DEAR BOB: A friend of mine was going to purchase a house. She signed a contract agreeing to move forward with the closing procedures. She had put $500 down and had a professional home inspection completed. Her mother was battling cancer and died. She then contacted the Realtor and backed out of buying the house. Now the seller and his Realtor are threatening to sue her for not buying the house. Is it true she can be sued? –Jenna B.

DEAR JENNA: Yes. When you sign a contract to buy real estate that agreement is binding on both the seller and buyer. If the seller had changed his mind about selling, your buyer friend could have sued for specific performance of the sales contract to force the seller to deliver the deed.

Purchase Bob Bruss reports online.

But the seller is unlikely to sue the buyer for specific performance to force the buyer to buy. Instead, the seller might sue the defaulting buyer for breach-of-contract damages, namely the monetary loss the seller takes if the house is sold to another buyer for less money.

The buyer’s personal problem with her mother’s illness and death is not a valid reason to cancel the purchase contract. She should consult a local real estate attorney.


DEAR BOB: I bought the house next door to rent to tenants. My mortgage costs $641 a month, plus an escrow account for the property taxes. I am getting $600 per month rent. Can I show this as a loss on my income-tax returns? My closing costs were about $7,000. Are they tax-deductible? The house was empty for about six months while I remodeled it, but I had to make the mortgage payments. Are they deductible? –Robert G.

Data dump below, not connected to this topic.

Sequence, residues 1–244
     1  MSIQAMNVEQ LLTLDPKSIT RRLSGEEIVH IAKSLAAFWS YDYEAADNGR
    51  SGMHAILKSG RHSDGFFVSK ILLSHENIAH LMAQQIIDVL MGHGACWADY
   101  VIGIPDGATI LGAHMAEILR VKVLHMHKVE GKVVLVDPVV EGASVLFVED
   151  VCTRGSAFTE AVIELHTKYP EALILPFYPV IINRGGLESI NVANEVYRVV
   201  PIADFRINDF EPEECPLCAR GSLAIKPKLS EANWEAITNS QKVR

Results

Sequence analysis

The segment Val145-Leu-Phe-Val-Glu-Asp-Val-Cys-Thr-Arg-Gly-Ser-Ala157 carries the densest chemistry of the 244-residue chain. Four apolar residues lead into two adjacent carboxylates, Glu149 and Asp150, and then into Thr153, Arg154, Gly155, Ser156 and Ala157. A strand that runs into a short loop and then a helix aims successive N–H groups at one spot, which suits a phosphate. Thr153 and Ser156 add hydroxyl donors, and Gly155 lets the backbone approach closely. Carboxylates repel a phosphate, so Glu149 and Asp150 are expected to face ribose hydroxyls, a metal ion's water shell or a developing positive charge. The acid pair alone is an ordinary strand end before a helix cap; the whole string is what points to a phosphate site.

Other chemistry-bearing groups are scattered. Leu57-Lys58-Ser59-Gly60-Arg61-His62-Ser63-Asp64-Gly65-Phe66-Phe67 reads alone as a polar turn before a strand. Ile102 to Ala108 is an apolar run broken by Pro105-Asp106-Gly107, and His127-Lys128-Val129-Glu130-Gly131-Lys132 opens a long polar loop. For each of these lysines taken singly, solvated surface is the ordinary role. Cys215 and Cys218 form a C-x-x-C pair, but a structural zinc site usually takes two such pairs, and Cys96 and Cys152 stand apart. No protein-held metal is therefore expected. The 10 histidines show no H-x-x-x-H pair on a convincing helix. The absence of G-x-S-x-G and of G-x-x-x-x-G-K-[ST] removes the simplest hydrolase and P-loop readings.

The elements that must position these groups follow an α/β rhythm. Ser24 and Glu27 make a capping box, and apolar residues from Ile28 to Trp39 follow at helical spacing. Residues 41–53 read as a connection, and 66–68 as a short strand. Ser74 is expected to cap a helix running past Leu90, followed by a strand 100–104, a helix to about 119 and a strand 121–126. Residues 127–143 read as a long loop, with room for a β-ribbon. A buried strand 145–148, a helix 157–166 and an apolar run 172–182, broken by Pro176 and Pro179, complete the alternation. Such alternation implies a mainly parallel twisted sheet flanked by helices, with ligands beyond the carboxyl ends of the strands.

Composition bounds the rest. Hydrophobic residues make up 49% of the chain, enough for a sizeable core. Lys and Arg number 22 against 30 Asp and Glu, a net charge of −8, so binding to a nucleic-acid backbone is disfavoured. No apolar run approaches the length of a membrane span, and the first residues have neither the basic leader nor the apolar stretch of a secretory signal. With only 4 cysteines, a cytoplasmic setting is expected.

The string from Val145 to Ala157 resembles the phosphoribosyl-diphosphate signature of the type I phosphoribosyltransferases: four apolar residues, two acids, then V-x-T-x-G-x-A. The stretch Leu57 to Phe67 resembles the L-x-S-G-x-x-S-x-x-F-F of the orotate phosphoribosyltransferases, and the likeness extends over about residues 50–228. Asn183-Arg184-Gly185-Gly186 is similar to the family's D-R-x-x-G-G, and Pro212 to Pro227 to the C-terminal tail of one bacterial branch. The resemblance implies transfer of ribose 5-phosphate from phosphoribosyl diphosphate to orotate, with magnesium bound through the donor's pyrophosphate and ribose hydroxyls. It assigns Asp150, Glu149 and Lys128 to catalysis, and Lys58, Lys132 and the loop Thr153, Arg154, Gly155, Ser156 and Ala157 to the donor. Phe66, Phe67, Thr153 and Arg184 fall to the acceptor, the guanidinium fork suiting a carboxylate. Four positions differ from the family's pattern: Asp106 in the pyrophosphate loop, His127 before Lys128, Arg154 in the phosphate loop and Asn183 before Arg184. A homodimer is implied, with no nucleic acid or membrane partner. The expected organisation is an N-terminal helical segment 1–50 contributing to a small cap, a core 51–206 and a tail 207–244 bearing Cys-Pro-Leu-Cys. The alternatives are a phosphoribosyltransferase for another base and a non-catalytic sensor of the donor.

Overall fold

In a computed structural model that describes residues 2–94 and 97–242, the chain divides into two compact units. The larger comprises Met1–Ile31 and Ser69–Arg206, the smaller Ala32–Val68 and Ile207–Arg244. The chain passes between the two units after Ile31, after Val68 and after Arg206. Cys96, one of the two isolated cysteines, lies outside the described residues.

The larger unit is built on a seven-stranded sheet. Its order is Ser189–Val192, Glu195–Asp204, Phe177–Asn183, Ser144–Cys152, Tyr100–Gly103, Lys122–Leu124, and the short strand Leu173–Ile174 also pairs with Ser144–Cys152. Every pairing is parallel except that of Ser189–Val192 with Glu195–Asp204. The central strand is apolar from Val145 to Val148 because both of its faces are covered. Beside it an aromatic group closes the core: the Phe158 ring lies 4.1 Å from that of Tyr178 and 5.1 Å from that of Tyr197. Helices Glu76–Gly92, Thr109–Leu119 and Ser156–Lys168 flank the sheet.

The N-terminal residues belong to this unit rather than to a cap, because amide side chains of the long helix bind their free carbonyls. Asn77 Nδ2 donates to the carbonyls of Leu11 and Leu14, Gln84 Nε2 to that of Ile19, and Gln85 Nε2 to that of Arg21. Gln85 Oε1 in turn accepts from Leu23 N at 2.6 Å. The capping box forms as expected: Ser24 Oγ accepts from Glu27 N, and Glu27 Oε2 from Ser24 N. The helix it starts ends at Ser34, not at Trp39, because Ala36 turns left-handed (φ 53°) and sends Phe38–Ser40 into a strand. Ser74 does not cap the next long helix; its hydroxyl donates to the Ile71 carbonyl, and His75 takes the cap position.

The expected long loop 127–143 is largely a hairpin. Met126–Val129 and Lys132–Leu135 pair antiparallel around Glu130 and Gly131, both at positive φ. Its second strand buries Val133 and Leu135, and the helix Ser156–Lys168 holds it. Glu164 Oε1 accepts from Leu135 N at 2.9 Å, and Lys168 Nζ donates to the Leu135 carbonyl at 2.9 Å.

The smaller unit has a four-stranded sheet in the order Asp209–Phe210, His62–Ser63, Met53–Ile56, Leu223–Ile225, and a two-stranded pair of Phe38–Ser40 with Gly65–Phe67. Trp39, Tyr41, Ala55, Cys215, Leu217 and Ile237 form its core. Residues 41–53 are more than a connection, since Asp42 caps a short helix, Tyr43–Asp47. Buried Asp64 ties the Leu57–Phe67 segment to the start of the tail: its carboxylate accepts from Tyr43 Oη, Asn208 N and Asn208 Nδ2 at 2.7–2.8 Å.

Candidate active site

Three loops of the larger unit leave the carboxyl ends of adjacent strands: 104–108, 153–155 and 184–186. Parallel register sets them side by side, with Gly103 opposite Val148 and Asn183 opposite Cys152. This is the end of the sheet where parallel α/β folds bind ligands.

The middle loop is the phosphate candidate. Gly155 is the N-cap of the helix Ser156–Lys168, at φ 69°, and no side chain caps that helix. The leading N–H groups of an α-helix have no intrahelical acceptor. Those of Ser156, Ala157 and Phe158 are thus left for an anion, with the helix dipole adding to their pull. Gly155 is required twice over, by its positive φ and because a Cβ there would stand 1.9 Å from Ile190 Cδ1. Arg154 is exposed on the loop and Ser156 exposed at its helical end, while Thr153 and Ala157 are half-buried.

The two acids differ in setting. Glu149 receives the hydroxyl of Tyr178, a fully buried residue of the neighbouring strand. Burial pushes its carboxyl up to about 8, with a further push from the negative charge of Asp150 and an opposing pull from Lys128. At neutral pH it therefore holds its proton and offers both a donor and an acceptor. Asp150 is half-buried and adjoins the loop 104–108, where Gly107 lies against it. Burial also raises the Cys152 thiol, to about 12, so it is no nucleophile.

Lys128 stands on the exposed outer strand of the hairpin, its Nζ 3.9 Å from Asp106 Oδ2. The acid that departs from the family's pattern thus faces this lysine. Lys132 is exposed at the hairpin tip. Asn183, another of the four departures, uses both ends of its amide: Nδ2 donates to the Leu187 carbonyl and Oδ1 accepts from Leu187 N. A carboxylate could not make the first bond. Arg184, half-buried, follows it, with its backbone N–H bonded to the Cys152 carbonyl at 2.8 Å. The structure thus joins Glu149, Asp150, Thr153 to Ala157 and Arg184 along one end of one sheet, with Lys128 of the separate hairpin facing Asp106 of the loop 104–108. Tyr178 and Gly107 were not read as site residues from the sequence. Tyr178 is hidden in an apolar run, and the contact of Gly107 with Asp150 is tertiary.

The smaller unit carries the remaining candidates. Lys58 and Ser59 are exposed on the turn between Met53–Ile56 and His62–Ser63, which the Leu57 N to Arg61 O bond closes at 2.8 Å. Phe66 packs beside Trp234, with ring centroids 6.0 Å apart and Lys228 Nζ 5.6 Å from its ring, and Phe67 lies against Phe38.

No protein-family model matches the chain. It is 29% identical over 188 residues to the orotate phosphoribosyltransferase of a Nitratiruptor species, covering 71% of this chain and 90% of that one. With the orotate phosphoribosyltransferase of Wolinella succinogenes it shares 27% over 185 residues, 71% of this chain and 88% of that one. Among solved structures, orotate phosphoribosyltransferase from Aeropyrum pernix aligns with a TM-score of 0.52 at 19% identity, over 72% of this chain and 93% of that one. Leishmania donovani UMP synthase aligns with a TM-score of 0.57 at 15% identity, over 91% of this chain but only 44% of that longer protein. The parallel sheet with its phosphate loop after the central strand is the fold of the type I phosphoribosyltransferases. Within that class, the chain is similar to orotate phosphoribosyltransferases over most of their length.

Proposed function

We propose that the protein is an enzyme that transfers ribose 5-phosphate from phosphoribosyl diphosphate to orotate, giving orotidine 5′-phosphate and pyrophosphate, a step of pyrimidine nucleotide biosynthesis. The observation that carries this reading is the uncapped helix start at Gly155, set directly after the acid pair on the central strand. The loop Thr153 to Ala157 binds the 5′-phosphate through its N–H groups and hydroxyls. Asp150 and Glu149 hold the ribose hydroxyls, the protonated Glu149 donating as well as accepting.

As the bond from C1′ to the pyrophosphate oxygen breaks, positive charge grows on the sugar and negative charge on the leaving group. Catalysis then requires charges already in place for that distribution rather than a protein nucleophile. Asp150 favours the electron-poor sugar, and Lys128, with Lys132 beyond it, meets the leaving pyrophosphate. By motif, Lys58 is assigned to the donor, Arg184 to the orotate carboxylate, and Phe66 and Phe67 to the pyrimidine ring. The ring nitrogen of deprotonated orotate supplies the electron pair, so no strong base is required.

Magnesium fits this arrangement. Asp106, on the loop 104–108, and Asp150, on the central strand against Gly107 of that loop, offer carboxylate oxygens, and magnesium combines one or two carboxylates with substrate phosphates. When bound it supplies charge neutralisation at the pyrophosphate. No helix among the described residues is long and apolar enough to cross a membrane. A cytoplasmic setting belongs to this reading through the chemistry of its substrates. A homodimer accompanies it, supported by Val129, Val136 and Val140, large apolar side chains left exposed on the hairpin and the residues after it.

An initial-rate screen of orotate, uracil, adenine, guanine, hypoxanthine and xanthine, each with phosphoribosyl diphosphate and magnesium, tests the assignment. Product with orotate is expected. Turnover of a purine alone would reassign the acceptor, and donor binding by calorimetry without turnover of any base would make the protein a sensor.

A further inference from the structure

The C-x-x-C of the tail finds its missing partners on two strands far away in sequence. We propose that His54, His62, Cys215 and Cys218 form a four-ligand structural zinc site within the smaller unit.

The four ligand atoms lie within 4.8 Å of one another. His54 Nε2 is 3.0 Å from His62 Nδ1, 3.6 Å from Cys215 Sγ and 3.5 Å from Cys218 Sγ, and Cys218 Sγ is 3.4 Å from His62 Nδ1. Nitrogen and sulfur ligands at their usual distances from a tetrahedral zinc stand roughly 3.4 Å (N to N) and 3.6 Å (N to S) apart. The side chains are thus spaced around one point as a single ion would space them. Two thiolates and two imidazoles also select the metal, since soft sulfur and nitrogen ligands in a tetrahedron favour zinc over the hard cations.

DEAR ROBERT: Your rental income is reported on Schedule E of your income-tax returns. This is the same place you deduct mortgage interest (but not principal) payments and the property taxes paid to the tax collector. You can also deduct other applicable expenses, such as repairs, insurance and depreciation (a noncash expense for estimated wear, tear and obsolescence).

If your annual gross income (AGI) is less than $100,000, you can deduct up to $25,000 of passive losses from your rental property each year.

As for your closing costs when you bought the rental house, you may be able to deduct some expenses such as prorated property taxes and mortgage interest. But other closing costs, such as title insurance, recording fees, etc., are not deductible and must be capitalized as part of your purchase-price cost basis. For full details, please consult your tax adviser.


DEAR BOB: Because my sister was a caregiver for two years, she was able to have our mother’s home put into her name when we had to put mother into a nursing home. There are three of us siblings. But we could not have our names put on the deed. Now that the home is in our sister’s name, is it true my sister and I can get our names on the deed for $1? –Cheryl S.

DEAR CHERYL: I am not aware of any method by which your names can be added to the title for $1.

Because the house is now owned by your sister, the only way to add your names to the title would be if she signs a quitclaim deed giving you partial interests in the house. I suspect she is unlikely to do that. For details, please consult a local real estate attorney.

The new Robert Bruss special report, “How to Profit from Lease-Options (Rent to Own) Whether You are a Property Buyer, Seller or Realty Agent,” is now available for $5 from Robert Bruss, 251 Park Road, Burlingame, Calif., 94010, or by credit card at 1-800-736-1736 or instant Internet delivery at Questions for this column are welcome at either address.

(For more information on Bob Bruss publications, visit his
Real Estate Center

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